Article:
AT: Now that everything is so accessible and open, nothing is private, everything is laden with associations and judgements. You can find out about everybody’s personal life very fast, especially if they are somewhat well known. Anonymity can help, which is probably why some artists have tried to stay anonymous, but that hasn’t always worked out. And then people eat up the stuff that is told to them. For example, this article about ************* (sidenote: Jan decided to leave this recluse anonymous as to make the point more relevant), who was a famous recluse, has so much private detailed information that it is hard for me to believe, but still I’ll keep it in the back of my mind as it could be true. And for some of it, I really don’t want it to be true because I love his books!
I remember as a teenager I would get really heartbroken when I would fall in love with artists only to realize later that they were womanizers and had cheated on their wives. I was really crushed by this. As a kid I read a lot of biographies because I loved reading about the person, not just about the art that they were making. Those stories did make a huge impression on me. Is this fair? I’m not sure. Later on, and even now, I try to separate that. I don’t believe that one’s work totally encompass or identifies who they are and vice versa. No matter how public things are, nobody can get into our minds. Definitely, an author/writer/reporter can portray and paint a picture that works to their favour or perspective and that can be quite dangerous. So, we must do our research!
I have been exchanging letters with an artist’s wife because the husband, the artist, is in prison. She told me that after her husband’s conviction people stopped buying his work and his worth has be devalued. When I’ve talked about this with people they start telling me, well, it depends on the crime he committed and so on. I am not really sure how I feel about this except that I have tried to learn to separate personal from public. Being anonymous might alleviate all of that. Then it’s really just about the work and how it touches you. Does that make any sense at all? How do you feel about knowing the backstory of a person?
JL: Sometimes it’s enjoyable to know the background of a writer or artist, but often I’m quite satisfied with the nebulous persona that is created through my interaction with their work, rather than reading about the actual person. The disappointment you mention where an artist’s personal behavior didn’t live up to your impression of their work is a good example. Perhaps artworks are artworks and people are people. On the other hand, when the life of an artist becomes a kind of story itself, or a sort hagiography, it adds a layer of myth and storytelling to the work itself. I like that! In the case of many African American blues musicians from the early 20th century for example, knowing these retellings of their lives helped me appreciate their music and lyrics even more. Interesting that you bring up *************, whose famous reclusiveness is like a strong and curious footnote to his writing. Even more so since he helped introduce to a broad audience the idea that a reader cannot fully trust the narrator of a story. Perhaps as a famously reclusive author he is a an extreme example for the absurdity of being an hermit among people.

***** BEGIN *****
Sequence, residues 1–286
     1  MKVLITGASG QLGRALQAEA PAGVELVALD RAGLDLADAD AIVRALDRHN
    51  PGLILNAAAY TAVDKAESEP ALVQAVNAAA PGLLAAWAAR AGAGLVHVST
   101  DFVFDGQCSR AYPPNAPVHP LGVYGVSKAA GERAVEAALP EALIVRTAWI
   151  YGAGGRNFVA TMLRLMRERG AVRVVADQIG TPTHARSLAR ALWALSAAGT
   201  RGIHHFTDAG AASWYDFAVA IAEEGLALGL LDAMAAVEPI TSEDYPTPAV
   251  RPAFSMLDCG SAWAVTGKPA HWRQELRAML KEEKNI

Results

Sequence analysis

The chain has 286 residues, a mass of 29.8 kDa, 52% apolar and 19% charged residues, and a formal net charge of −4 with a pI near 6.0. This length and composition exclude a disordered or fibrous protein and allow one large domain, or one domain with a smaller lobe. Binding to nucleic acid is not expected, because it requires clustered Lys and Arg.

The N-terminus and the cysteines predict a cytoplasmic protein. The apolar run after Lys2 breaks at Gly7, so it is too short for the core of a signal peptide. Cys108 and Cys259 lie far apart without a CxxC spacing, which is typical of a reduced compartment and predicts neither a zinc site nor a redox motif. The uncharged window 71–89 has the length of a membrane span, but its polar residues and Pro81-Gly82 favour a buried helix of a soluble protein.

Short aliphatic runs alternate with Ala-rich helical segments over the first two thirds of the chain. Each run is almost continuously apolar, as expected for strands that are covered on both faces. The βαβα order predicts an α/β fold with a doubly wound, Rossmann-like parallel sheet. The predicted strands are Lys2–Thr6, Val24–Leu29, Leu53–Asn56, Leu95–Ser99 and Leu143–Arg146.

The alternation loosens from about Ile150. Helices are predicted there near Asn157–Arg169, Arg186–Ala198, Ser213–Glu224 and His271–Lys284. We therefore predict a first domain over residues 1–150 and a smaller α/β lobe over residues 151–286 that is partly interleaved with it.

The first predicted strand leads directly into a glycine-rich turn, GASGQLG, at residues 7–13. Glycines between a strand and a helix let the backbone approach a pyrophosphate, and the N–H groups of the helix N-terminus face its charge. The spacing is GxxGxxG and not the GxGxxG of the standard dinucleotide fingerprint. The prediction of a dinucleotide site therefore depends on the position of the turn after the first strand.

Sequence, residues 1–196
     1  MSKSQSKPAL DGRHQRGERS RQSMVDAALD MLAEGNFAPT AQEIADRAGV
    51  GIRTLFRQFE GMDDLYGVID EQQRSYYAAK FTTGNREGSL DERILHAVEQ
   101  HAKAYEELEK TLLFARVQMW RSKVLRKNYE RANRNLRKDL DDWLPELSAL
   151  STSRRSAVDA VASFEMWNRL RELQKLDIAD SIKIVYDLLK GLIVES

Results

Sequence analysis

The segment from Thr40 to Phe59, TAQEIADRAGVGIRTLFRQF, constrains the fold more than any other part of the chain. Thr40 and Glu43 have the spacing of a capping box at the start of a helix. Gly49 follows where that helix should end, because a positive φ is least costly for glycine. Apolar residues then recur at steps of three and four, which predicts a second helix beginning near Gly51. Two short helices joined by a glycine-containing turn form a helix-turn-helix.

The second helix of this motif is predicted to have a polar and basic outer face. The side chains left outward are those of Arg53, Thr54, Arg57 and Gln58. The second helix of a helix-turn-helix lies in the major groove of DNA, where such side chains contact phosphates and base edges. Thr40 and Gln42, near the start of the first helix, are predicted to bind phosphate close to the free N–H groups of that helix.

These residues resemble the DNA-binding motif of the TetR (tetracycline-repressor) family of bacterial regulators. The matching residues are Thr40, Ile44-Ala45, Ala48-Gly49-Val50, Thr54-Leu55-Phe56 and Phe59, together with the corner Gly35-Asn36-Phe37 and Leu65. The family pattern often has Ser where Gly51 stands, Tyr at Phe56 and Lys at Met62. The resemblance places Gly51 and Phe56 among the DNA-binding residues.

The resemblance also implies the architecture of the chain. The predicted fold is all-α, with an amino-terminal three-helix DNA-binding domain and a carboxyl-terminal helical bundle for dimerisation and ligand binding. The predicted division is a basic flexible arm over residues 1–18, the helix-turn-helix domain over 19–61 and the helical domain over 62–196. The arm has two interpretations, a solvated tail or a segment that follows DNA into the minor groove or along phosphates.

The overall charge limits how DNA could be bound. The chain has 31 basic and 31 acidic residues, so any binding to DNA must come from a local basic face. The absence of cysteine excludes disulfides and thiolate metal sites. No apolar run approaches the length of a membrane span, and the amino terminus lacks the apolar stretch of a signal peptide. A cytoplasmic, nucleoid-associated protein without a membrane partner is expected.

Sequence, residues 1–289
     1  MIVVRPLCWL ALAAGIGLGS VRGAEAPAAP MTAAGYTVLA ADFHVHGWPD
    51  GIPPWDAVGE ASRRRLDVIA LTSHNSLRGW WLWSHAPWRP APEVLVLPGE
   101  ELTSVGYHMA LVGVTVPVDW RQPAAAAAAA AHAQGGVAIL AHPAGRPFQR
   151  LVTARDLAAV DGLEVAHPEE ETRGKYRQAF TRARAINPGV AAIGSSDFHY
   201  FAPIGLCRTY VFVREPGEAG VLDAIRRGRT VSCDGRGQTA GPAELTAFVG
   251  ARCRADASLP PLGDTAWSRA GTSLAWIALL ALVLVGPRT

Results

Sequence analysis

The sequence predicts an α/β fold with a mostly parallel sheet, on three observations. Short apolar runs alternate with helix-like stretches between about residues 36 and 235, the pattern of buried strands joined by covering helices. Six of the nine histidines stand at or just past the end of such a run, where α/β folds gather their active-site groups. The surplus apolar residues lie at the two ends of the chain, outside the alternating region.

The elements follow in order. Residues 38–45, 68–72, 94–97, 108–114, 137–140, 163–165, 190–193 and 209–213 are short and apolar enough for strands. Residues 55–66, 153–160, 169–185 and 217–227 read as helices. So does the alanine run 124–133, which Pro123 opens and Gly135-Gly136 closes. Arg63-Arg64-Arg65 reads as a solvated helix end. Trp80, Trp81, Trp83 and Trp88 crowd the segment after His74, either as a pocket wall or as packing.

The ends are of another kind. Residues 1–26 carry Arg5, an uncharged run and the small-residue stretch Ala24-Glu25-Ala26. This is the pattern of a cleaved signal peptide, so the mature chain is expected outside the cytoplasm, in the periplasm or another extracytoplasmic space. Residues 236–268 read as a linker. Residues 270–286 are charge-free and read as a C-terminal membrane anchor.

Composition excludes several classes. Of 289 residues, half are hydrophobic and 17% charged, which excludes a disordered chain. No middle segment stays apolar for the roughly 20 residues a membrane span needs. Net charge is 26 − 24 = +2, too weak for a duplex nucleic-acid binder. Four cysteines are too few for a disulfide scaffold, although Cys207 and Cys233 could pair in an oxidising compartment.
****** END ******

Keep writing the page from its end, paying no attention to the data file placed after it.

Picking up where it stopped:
AT: I feel that in the end, making boundaries for oneself is the key to feeling OK within and out of comfort zones. Boundaries also refer to how somebody’s opinion or action touches you. I say that to myself because in a way it touches control issues, which I definitely try to confront and learn how to deal with. I feel that when meeting new people or being in new situations, that’s when you get really test yourself and your boundaries. With that said, what are three questions you would like to ask somebody? This somebody could be anybody of your choice and you don’t need to reveal who they are.
JL: I sometimes ask how people would like their everyday life to be if everything went how they wanted it to be, and I don’t think I ever get an answer because that question is really private and relates to their dreams and hopes. So I’m not telling you! Other than that I like to ask people for advice. I would like to interview all sorts of creators, makers and artists from different places and times about their opinions and secrets - even though that would potential spoil my relationship to their work.
AT: Secrets. We all have them.
For more information about Jan, please go to [link to the Pixelache website] or www.janluetjohann.de